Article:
Find out how you can use science and technology to create coronavirus cleaning protocols that keep your team and your clients safe.
It’s hard to say what the world will look like by the time you read this. With skyrocketing cases of the COVID-19 coronavirus, cleaning services are more in demand than ever, and the landscape seems to change every day. We are all, I hope, checking the Centers for Disease Control and Prevention (CDC) and World Health Organization (WHO) websites regularly for the latest science and information on cleaning protocols.
For those of us in the janitorial industry, there is some good news regarding coronavirus cleaning, however. Many of the recommendations around cleaning haven’t changed very much. The most significant differences are in frequency (more regular cleaning is better) and attention to detail (increased focus on high-touch areas). That’s not to say the job of a commercial cleaner hasn’t changed. We’ll take an in-depth look at some of those changes below. What it does mean is that your cleaning protocols, once you’ve established them, should remain relatively stable, with just a few minor updates here and there. We’ll get to those later, as well.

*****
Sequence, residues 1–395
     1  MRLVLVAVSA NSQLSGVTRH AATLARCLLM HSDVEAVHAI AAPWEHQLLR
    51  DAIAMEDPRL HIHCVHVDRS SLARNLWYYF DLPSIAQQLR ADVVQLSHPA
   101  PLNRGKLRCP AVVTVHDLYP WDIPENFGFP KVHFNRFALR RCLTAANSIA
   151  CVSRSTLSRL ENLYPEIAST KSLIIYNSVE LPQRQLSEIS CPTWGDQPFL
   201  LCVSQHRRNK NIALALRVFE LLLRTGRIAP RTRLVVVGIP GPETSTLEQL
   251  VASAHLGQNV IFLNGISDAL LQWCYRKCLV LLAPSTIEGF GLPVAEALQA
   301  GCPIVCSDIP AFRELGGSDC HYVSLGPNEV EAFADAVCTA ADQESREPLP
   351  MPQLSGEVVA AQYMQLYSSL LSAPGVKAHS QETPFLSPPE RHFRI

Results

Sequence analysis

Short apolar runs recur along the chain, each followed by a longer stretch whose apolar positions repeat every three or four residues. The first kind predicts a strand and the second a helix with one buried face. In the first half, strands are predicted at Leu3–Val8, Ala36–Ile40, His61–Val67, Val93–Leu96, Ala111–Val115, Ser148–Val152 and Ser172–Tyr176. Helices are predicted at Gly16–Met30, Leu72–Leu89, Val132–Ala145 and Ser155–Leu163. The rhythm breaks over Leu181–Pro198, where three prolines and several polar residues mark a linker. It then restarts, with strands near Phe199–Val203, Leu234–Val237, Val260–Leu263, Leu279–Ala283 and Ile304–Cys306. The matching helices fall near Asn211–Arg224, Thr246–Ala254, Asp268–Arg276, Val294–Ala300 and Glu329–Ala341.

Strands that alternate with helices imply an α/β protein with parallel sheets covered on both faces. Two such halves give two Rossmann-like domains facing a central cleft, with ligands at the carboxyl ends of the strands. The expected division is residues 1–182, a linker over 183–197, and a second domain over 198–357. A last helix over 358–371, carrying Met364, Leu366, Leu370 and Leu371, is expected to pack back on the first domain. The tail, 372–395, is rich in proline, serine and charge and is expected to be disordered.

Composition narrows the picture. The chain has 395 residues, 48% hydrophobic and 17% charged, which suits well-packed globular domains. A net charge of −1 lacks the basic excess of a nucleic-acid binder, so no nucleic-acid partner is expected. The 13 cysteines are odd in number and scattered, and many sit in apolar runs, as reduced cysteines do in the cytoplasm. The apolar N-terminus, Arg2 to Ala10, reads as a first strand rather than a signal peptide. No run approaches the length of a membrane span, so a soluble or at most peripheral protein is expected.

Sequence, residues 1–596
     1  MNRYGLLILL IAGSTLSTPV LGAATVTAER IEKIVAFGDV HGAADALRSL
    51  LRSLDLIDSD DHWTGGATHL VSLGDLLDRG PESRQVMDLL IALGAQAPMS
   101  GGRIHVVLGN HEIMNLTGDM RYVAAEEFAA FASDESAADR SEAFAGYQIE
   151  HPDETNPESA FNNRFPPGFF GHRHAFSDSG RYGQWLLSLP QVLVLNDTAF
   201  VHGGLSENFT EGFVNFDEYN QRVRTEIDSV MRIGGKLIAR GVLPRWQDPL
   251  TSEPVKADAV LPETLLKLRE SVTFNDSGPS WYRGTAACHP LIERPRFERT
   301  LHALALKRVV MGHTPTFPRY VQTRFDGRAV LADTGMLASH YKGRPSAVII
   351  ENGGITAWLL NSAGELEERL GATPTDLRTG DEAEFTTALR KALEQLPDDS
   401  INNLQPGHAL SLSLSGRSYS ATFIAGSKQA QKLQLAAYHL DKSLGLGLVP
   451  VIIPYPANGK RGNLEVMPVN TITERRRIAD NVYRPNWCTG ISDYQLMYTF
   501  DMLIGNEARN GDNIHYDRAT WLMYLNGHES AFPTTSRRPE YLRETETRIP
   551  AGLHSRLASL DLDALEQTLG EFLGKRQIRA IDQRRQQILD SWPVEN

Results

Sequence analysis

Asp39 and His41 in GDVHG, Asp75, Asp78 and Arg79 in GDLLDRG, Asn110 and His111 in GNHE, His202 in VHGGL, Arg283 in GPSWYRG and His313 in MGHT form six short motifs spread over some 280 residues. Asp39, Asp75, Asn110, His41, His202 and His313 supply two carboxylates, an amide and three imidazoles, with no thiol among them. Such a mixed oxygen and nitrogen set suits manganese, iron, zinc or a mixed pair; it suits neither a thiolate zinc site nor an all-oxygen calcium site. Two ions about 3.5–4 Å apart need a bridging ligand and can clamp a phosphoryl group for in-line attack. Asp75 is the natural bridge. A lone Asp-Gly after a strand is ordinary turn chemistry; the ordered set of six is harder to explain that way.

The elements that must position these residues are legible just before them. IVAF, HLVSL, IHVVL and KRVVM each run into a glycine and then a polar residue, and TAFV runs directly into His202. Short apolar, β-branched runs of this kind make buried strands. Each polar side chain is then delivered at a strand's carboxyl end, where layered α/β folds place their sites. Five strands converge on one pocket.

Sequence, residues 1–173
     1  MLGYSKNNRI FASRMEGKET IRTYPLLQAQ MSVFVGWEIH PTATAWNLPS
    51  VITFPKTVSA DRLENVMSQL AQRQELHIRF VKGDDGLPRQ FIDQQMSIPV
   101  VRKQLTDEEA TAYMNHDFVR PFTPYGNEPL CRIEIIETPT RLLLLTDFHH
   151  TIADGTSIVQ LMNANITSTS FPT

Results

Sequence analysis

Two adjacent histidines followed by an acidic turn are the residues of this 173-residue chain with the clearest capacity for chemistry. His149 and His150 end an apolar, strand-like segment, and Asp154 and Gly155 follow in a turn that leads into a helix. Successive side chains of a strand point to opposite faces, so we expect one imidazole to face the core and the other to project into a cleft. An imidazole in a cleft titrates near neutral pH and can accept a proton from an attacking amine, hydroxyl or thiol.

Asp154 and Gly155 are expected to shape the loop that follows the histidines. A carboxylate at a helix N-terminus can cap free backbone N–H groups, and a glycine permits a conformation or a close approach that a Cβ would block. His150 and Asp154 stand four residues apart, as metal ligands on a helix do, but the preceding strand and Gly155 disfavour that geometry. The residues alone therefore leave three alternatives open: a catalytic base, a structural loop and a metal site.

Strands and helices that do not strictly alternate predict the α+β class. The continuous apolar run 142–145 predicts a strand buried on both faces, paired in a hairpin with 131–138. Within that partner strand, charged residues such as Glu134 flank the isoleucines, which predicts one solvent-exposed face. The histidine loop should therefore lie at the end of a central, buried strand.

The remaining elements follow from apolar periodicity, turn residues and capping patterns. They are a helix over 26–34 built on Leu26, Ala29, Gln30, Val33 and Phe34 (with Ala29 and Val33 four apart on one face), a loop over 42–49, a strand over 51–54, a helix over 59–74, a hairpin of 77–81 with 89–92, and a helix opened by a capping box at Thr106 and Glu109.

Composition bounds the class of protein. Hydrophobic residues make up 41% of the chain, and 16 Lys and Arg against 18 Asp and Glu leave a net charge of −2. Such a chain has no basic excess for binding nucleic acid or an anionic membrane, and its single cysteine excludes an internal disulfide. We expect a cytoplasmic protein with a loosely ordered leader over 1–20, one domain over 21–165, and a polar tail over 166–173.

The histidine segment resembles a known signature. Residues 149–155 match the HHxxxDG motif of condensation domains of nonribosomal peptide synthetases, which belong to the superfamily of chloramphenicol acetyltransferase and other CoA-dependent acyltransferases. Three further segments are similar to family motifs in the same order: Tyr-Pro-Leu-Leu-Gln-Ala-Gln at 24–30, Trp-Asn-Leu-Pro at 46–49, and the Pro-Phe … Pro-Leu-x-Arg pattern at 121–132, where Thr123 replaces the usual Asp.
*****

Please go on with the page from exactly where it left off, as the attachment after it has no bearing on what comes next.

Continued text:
Here’s the bad news (or maybe it’s good news, depending on your outlook).
We know more about the spread of COVID-19 right now than we did even a month ago. That means even as the virus spreads, we have more information to work with regarding keeping ourselves and our clients safe and healthy. We can more confidently add to our cleaning checklists, reassure our clients, and forecast our schedule and inventory needs.